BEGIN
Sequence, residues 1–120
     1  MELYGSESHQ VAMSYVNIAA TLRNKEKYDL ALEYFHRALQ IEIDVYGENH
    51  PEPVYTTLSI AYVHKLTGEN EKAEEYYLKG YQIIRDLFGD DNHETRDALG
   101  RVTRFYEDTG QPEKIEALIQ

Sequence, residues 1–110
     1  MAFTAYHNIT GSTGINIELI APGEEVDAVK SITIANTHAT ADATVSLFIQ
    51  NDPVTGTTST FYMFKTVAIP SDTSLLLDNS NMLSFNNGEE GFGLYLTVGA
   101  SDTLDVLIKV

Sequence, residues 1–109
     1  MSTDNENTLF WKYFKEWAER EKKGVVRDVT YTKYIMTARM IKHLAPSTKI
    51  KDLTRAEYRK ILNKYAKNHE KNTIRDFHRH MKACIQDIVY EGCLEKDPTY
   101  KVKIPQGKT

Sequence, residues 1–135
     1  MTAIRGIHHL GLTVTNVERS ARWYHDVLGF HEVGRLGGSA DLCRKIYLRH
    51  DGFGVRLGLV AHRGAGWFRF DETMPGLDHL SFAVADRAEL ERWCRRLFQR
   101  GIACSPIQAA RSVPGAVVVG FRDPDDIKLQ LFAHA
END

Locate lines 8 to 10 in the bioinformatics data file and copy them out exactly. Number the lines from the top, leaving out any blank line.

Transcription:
   101  SDTLDVLIKV

Sequence, residues 1–109
     1  MSTDNENTLF WKYFKEWAER EKKGVVRDVT YTKYIMTARM IKHLAPSTKI